What’s the Secret to Being Happy?

Harvard psychiatrist Robert Waldinger leads a study that has tracked hundreds of people over 80 years to see what makes a happy and meaningful life. Here’s what he has learned.

When talking with Robert Waldinger, it is difficult to ignore the fact that he seems extremely content. A side effect of his job, perhaps. As the director of the longest scientific study of happiness ever conducted, it would be rather disappointing if he was anything else. The Harvard Study of Adult Development (HSAD) began in 1938, with 724 participants: 268 undergraduate students at Harvard College and 456 14-year-old boys who had grown up in some of the most disadvantaged neighbourhoods in Boston, Massachusetts.

All were interviewed and given medical exams on joining the study. Throughout their lives, participants had regular brain scans and blood tests and took part in further interviews, as researchers set out to find answers to what makes a happy and meaningful life. More than eight decades later, HSAD has expanded to include three generations and more than 1300 direct descendants of the original participants. Waldinger, who is also a professor of psychiatry at Harvard Medical School and director of the Center for Psychodynamic Therapy and Research at Massachusetts General Hospital, has co-written The Good Life with the study’s associate director, Marc Schulz, bringing together case studies with the latest psychological research to share what they have learned about how to live a happy life.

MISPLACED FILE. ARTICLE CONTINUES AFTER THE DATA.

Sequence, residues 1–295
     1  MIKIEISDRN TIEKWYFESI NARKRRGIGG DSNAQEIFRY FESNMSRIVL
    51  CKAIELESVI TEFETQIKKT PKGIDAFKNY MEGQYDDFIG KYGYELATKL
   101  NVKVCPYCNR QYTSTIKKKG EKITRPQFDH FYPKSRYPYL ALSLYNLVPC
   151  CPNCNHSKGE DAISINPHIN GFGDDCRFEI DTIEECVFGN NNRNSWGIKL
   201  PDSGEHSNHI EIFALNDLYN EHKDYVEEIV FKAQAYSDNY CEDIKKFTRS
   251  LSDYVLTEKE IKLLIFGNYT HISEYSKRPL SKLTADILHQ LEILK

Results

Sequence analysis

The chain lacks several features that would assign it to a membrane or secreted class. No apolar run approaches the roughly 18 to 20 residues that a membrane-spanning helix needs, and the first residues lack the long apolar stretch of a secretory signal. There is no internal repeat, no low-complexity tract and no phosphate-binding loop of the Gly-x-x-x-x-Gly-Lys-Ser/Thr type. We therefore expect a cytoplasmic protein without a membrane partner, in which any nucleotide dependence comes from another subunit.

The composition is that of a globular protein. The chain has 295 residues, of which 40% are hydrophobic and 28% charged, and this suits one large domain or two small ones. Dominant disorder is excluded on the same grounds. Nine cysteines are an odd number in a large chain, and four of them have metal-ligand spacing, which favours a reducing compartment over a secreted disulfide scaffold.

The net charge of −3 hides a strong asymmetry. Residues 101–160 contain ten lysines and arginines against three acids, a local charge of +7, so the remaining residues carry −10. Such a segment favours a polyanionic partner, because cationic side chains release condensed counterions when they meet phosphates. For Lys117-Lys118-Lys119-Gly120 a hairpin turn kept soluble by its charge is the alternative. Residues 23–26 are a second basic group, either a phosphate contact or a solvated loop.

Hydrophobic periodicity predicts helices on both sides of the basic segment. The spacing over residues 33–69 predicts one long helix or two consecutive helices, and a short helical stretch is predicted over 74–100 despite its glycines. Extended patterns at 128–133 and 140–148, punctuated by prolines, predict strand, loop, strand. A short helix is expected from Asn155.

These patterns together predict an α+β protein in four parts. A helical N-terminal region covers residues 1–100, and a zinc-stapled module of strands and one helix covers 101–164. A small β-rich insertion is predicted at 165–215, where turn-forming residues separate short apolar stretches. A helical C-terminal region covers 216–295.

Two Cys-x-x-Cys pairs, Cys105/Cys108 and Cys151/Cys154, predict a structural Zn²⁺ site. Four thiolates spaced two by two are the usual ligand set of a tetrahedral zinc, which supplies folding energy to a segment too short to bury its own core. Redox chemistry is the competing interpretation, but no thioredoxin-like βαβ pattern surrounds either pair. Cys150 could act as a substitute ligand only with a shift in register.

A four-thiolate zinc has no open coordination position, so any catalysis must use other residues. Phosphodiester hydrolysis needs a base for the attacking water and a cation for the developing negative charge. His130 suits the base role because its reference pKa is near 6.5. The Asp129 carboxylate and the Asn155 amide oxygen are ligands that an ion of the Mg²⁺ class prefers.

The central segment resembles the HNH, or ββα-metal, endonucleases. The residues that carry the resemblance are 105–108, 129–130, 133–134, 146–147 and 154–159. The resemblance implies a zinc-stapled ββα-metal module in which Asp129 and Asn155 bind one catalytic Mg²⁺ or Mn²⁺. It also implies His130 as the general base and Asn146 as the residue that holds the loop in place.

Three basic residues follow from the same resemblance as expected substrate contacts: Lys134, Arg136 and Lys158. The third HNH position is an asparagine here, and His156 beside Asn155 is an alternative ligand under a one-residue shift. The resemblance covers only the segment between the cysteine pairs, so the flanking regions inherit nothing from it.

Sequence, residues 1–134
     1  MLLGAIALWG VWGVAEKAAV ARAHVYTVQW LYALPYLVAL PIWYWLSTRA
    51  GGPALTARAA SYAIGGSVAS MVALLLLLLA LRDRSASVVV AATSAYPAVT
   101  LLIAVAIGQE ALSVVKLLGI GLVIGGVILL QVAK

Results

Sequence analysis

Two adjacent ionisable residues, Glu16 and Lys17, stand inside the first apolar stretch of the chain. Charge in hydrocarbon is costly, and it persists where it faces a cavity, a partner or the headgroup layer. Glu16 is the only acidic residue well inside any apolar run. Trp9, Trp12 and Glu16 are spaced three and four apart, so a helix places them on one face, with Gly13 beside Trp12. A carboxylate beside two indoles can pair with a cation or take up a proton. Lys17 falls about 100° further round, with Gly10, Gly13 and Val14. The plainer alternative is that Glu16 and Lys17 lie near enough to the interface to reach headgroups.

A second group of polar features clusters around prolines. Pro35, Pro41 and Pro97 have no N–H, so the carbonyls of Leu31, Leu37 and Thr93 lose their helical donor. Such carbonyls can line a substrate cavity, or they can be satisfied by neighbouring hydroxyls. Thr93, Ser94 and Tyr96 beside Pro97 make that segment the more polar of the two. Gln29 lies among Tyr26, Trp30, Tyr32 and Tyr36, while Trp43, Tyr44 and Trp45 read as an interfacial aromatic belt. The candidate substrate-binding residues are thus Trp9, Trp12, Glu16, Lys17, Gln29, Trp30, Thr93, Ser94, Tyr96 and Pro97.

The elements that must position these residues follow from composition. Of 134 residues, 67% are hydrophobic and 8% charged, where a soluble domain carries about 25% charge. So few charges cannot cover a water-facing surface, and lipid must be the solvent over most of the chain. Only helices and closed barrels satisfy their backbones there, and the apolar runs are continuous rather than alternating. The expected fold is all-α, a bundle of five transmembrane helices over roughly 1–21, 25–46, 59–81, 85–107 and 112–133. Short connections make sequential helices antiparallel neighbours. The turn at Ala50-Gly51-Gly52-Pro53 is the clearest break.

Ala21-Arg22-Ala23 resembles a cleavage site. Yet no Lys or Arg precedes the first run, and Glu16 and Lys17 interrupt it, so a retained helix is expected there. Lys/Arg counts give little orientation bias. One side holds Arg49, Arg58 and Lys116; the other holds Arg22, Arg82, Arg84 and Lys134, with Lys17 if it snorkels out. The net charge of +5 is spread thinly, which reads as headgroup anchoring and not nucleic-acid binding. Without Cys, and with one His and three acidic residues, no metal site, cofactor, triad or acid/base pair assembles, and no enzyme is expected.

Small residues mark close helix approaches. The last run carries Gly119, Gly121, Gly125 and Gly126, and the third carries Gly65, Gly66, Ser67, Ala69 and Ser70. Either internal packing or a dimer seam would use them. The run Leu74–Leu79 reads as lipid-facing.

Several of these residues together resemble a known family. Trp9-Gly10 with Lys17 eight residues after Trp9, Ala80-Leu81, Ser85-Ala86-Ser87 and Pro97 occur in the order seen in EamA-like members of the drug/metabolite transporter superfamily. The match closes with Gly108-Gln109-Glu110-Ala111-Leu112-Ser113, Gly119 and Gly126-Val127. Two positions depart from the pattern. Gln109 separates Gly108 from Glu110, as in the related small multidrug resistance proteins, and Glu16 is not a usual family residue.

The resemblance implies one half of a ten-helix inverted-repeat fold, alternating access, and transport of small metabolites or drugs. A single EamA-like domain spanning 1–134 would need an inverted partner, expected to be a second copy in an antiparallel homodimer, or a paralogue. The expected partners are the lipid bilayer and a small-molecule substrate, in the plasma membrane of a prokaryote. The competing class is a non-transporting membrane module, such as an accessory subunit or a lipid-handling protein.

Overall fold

Excerpted from New Scientist

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